Students’ lives changed through alternative education

As enrolments for 2020 open at the Tomaree campus of the award winning Alesco Senior College, graduating students are encouraging young people to consider a different pathway to completing high school. In the past three years, more than 60 young people who were at risk of not completing their school education, are now creating exciting employment and further education outcomes for themselves.

Alesco student, Zephyr said that Alesco was different and a good alternative that helped students get through high school.“People who don’t fit in at school or find it hard to attend for a lot of reasons, find Alesco a safe place. Teachers are here to help you. Classes are smaller and students support each other. So many of us might never have completed school if it wasn’t for Alesco,” he said.

Typically, students of Alesco have not been able to connect with traditional schooling, are at risk, or vulnerable. Alesco Senior College provides young people who are unlikely to find success in a traditional school environment with a safe and supportive environment in an adult learning framework. Alesco is a registered and accredited school that was created by Atwea College (formerly WEA Hunter) in 2001 as an alternative learning environment for young people wanting to complete years 9 to 12 with located in Newcastle, Tuncurry, Cessnock, Raymond Terrace and Tomaree with another campus soon to open in Lake Macquarie.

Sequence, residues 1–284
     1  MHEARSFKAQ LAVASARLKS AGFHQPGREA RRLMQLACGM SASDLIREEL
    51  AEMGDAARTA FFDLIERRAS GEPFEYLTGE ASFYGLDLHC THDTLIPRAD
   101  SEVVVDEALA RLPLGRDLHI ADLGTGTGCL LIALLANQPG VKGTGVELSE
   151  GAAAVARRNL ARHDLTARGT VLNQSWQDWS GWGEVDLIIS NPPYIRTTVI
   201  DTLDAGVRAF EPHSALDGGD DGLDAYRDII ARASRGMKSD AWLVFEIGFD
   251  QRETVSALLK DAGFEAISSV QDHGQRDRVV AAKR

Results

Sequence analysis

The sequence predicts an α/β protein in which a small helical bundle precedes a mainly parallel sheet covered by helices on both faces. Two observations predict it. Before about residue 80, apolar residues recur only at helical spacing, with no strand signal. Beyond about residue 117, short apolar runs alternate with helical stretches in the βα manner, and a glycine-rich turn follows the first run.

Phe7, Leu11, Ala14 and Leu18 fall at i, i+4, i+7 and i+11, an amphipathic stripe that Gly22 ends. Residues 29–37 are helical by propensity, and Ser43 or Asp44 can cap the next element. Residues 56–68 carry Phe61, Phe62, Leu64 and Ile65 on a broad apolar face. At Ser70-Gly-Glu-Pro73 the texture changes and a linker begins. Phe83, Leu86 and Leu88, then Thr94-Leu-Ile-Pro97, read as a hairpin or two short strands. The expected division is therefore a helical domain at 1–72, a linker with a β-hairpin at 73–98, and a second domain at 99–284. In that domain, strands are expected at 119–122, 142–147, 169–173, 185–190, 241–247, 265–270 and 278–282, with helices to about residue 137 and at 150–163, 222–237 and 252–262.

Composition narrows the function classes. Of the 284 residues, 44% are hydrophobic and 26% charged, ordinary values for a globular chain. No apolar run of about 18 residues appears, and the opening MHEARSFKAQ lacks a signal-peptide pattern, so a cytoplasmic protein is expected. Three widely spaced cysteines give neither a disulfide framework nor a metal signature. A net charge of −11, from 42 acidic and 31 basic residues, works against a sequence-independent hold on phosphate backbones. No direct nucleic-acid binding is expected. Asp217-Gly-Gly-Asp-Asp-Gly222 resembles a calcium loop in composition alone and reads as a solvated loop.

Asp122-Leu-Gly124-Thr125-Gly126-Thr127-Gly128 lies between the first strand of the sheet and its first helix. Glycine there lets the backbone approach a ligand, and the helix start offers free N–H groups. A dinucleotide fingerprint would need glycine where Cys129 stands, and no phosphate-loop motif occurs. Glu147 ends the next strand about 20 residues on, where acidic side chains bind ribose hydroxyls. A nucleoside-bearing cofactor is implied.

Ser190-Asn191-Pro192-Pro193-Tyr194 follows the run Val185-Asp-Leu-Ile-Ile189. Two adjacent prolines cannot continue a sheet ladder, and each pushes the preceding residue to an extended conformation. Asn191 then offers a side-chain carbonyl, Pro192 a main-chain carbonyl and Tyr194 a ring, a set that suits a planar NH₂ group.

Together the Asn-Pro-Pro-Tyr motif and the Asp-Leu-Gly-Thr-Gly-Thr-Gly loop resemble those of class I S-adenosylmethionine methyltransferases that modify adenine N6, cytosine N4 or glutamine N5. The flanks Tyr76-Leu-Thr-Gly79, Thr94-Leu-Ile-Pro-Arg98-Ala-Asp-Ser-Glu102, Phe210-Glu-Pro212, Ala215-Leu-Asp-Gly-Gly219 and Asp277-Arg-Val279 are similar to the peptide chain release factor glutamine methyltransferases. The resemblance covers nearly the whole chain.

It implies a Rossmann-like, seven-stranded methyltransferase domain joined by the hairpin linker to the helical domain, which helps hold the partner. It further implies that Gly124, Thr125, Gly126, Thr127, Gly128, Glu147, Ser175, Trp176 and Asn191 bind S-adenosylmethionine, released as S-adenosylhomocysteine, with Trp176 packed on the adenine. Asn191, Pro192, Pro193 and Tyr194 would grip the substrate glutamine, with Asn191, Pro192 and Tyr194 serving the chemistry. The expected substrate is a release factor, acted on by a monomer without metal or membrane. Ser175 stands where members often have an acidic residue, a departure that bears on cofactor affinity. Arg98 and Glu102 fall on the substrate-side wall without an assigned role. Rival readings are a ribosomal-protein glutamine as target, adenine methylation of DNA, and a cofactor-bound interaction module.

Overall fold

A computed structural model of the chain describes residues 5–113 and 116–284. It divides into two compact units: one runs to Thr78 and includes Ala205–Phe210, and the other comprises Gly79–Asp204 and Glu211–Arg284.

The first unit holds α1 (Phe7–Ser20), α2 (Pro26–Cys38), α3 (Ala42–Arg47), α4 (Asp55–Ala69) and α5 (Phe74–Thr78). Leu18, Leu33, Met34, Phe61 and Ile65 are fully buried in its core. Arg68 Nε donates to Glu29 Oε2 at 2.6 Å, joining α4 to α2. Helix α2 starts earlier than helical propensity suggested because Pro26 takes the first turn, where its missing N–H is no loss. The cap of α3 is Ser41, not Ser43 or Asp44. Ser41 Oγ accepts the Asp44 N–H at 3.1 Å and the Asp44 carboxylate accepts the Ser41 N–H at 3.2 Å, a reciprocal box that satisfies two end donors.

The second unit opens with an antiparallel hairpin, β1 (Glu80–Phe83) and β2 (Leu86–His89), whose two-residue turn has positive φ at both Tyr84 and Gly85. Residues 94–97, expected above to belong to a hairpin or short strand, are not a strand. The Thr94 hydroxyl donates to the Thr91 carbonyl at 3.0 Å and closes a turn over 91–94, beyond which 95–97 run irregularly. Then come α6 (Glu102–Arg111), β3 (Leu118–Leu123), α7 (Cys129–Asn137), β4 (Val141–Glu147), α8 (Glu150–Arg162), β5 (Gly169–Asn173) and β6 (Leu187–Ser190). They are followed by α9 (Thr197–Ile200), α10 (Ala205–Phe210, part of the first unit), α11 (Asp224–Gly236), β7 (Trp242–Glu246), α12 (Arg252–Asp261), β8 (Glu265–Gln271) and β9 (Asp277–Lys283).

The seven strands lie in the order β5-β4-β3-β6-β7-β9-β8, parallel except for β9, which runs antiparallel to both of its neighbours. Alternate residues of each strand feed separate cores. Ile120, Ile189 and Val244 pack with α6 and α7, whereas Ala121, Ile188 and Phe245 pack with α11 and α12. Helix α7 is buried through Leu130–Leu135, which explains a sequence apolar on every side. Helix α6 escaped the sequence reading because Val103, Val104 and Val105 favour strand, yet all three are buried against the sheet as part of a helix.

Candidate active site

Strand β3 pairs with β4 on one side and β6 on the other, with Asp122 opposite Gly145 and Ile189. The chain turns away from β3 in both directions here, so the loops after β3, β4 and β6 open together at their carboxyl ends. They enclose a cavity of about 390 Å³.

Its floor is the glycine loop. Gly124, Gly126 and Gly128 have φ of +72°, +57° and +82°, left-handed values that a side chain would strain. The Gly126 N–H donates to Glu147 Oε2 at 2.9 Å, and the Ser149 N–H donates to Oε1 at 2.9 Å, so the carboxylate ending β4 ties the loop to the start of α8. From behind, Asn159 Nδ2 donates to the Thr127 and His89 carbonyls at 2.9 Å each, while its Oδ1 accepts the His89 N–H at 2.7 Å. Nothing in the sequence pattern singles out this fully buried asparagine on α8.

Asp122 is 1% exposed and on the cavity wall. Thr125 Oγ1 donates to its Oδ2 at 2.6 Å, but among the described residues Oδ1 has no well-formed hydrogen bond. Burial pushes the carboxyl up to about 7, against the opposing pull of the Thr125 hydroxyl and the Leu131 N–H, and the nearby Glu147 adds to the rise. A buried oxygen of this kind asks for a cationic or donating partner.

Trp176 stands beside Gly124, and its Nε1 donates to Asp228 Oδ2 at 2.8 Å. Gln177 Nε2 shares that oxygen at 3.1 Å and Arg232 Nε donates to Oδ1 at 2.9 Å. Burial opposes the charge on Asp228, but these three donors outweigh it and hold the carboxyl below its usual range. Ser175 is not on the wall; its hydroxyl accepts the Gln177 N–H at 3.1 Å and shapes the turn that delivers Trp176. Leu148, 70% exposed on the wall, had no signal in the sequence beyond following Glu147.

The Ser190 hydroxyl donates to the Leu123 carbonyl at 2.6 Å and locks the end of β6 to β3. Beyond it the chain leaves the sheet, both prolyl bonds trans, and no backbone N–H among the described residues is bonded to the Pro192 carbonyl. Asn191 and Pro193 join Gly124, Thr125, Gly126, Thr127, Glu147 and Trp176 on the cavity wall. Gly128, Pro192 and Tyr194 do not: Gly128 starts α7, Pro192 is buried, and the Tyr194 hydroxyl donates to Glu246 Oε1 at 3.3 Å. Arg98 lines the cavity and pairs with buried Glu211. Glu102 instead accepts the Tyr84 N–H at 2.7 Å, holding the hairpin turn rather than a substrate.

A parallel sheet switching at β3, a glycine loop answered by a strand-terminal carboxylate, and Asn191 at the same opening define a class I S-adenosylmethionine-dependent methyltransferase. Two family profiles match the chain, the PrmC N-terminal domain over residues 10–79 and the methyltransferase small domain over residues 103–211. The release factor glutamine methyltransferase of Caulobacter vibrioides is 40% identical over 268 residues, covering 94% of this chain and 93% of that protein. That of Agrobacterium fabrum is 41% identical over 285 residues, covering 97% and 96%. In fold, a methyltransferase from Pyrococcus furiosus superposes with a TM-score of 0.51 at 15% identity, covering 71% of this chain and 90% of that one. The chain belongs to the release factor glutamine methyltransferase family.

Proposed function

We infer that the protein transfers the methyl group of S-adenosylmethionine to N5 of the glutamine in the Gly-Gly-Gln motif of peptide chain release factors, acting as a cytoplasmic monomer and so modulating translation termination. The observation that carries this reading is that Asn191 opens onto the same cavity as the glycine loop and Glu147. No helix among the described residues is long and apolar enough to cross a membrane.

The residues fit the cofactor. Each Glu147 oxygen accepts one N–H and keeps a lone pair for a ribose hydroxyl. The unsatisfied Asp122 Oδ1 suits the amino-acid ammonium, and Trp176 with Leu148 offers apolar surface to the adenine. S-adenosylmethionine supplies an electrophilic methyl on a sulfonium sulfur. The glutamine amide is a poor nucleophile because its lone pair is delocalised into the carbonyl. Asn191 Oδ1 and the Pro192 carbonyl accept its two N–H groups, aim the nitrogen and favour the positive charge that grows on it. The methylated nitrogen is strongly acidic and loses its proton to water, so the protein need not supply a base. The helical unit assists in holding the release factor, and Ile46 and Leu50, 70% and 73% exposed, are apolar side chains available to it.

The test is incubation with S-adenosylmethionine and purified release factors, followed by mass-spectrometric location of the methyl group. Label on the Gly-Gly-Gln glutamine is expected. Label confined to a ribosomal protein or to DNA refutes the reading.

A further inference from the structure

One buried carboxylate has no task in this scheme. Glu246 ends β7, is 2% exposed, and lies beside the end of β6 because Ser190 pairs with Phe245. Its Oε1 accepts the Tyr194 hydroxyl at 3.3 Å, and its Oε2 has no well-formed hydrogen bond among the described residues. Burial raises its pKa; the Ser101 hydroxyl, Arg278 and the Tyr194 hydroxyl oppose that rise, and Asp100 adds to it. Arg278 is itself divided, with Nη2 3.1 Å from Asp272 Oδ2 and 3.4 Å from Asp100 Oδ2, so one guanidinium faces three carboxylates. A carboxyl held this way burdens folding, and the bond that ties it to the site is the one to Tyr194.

More than 60 local young people have completed their school studies at the Tomaree campus with many of them now moving into jobs and some graduating into further studies.

Alesco Head Teacher, Wendy Ratcliffe, who has been working with the school since it was established, said that the campus was established three years through a partnership with PCYC, Council and the community and has resulted in great education outcomes for local teenagers.

“Alesco is logical and supportive and is about providing the right educational outcomes for young people. At the Austral Street, Nelson Bay school, students engage in educational pathways where barriers to completing secondary education are limited. That means that students are provided with ways and means that best suit their individual learning needs while also equipping them with ways to negotiate the challenges of school and their lives,” she said.

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